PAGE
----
3. Sleep well - Sleep deprivation can occur as a result of feeling stressed and heighten the effects of stress on the body. Following a regular sleep routine calms and restores the body, improves concentration, regulates mood, and sharpens judgment and decision-making.
4. Take control - The feeling of loss of control is one of the main causes of stress. Taking control to solve a problem and find a solution can be empowering and prevent stress from getting out of hand.
5. Connect with people - A good support network of colleagues, friends and family can provide a shoulder to turn to and help you see things in a different way. Simple activities such as going for a walk or spending time with someone else can be an excellent way of relieving stress.
6. Me time’ - Whether it's extra time spent in the bath after a long run or a day in bed, binge watching Netflix, It's not selfish to take time to relax and pamper yourself - this will prevent you from overworking yourself and give yourself time to breath and enjoy life.
7. Challenge yourself - Setting yourself goals and challenges, whether at work or in exercise. This could simply be a personal best run time or distance. Reaching goals help build confidence and reduce the feeling of unaccomplishment and stress.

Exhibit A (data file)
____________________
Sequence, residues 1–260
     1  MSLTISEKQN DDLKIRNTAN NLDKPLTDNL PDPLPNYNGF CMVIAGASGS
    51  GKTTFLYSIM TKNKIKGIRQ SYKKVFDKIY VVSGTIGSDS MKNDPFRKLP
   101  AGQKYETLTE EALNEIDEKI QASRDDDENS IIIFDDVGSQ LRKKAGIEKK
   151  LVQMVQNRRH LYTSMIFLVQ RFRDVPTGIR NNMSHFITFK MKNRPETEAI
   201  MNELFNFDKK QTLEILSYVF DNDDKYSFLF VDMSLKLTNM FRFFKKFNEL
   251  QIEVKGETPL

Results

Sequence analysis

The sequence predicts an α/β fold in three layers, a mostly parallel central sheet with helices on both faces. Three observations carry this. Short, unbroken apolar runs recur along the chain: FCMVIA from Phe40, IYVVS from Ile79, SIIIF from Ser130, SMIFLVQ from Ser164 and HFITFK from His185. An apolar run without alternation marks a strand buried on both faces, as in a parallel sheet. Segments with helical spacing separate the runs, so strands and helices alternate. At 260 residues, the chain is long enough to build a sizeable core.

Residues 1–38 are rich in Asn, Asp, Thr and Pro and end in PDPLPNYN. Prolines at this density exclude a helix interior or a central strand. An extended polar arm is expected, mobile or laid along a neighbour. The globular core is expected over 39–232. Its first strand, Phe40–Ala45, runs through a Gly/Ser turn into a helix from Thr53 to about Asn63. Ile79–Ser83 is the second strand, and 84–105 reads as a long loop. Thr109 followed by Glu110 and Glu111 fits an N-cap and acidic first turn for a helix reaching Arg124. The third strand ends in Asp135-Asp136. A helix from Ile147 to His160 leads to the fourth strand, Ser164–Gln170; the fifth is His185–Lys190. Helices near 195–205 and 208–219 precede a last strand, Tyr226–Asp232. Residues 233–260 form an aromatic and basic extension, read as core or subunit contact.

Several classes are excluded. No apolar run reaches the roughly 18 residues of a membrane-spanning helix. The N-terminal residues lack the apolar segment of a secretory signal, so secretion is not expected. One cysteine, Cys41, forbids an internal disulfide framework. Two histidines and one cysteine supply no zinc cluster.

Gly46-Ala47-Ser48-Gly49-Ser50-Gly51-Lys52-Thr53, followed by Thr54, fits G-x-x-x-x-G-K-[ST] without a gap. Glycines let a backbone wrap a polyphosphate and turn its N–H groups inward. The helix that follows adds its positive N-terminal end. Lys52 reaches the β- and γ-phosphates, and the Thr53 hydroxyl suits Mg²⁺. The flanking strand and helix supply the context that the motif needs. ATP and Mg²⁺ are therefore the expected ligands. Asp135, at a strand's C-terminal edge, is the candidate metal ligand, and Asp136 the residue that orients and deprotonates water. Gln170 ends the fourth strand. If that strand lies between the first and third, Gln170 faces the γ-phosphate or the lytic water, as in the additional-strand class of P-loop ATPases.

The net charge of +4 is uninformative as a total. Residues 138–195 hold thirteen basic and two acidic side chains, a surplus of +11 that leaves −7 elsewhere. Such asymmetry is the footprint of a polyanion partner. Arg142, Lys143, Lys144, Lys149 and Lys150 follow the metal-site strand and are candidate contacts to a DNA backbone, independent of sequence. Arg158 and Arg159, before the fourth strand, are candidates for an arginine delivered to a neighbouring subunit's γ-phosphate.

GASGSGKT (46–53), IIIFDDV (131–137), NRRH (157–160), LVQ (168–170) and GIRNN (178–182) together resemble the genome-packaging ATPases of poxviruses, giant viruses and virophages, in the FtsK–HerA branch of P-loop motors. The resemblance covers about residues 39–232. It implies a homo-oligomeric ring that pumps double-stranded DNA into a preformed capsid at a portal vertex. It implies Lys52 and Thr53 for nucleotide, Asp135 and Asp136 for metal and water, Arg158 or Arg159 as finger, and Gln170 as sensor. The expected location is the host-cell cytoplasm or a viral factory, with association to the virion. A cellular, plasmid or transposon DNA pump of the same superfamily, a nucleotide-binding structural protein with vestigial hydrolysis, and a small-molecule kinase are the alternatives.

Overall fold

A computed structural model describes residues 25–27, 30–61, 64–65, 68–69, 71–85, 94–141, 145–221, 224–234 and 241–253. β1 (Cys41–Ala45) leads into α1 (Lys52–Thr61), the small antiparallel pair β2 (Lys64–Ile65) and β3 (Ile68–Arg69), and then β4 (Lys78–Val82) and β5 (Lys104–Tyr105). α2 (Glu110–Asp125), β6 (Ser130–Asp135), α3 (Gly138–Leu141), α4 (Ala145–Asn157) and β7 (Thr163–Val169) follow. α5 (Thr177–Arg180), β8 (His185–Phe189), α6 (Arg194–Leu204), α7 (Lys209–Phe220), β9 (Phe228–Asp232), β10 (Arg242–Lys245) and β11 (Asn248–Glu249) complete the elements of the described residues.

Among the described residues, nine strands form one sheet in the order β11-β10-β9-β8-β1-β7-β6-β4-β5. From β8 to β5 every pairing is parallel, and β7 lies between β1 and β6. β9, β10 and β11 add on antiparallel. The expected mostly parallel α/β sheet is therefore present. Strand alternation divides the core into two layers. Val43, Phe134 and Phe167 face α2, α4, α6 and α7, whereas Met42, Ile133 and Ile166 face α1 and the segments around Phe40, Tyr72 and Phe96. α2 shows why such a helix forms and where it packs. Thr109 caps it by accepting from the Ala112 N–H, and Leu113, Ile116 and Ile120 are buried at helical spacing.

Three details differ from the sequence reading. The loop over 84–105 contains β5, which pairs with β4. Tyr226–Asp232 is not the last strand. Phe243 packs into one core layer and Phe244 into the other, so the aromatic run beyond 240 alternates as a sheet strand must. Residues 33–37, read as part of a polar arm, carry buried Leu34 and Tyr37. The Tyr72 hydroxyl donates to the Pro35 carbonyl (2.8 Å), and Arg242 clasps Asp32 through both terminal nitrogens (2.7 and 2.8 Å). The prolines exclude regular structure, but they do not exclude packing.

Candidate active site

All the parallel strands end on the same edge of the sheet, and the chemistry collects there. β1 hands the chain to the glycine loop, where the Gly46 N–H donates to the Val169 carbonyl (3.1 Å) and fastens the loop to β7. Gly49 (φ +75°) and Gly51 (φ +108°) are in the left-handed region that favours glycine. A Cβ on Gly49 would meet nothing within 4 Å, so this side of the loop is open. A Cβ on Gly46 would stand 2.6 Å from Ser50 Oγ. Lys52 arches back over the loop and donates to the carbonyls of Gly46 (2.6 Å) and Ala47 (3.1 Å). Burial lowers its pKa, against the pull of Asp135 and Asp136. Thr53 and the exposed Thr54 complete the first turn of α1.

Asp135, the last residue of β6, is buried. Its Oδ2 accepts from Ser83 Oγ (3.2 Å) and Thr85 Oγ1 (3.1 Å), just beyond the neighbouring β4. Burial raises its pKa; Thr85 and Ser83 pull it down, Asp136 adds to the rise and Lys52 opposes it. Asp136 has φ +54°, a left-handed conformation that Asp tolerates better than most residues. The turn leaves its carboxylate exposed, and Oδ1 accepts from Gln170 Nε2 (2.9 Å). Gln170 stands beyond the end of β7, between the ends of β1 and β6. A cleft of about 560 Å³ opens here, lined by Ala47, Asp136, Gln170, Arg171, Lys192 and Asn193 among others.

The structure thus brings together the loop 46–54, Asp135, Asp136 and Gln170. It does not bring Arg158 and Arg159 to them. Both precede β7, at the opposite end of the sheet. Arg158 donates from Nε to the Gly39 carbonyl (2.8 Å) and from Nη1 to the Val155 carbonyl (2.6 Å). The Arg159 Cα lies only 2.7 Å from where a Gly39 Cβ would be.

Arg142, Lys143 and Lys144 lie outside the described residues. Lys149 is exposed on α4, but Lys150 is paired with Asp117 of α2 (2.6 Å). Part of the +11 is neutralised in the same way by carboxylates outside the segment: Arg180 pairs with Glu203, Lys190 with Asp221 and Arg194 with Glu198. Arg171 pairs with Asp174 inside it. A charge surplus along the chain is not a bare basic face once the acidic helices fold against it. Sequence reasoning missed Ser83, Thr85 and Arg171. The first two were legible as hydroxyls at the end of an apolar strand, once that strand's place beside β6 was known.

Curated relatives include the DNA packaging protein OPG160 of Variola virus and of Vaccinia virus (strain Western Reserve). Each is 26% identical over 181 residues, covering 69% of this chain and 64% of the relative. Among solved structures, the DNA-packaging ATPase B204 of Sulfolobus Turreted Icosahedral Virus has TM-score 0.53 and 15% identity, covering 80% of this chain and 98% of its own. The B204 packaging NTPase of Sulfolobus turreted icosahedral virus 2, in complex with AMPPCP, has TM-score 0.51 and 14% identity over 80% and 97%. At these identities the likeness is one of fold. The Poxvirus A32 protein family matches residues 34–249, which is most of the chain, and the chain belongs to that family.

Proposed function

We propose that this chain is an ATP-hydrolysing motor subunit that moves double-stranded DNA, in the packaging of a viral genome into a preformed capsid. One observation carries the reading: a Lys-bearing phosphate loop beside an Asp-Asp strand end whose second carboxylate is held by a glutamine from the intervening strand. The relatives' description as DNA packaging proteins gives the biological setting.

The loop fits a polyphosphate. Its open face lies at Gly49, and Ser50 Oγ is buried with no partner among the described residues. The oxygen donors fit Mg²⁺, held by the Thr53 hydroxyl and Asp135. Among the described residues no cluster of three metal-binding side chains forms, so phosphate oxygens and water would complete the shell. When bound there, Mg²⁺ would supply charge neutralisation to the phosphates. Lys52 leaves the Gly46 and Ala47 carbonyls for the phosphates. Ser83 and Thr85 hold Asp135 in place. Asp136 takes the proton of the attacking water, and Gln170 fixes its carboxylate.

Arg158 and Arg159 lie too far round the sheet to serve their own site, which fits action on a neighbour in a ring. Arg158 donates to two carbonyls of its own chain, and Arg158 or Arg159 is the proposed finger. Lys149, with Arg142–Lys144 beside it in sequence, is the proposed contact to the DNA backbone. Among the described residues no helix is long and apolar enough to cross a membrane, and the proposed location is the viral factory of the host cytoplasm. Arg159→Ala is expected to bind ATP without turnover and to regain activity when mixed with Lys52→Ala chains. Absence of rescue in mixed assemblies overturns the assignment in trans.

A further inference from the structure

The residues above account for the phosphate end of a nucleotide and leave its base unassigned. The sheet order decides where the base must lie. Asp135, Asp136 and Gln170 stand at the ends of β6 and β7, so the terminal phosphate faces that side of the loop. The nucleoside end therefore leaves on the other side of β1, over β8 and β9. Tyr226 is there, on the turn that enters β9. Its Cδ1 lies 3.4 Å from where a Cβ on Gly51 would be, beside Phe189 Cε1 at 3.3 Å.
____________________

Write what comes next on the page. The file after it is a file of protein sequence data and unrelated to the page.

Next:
8. Try to be positive - Look for the positives in life, and things for which you're grateful. Try writing down 3 things that went well, or for which you're grateful, at the end of every day as a reminder of the good in your life.
5 Ways running helps reduce stress
- Calms you down - All runners will have experienced the euphoria-like feeling of a ‘runner's high’ post run, it's why we keep running! The runner’s high is caused by our brains releasing endorphins, the feel-good hormone with exercise also slows the release of stress hormones like cortisol. This can help you avoid those big spikes in feelings of stress and anxiety.